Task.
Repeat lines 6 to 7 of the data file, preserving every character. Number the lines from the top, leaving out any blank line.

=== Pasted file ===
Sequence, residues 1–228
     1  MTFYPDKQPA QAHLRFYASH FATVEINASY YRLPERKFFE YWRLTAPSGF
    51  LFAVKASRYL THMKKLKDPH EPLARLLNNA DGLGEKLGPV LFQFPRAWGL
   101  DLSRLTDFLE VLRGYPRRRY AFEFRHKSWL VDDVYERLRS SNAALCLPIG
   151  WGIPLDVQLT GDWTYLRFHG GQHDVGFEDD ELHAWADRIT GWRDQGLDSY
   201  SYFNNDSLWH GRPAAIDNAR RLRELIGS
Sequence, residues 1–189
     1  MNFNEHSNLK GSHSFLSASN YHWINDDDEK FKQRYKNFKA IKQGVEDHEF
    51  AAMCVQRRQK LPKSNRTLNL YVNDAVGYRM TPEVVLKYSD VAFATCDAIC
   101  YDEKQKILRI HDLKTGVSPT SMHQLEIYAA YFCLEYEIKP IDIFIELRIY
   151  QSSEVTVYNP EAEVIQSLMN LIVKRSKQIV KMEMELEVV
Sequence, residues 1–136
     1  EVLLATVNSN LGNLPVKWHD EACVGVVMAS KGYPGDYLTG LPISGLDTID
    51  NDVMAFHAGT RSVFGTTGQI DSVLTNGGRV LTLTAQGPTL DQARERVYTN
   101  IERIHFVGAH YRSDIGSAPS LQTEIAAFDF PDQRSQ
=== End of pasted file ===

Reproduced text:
   201  SYFNNDSLWH GRPAAIDNAR RLRELIGS
Sequence, residues 1–189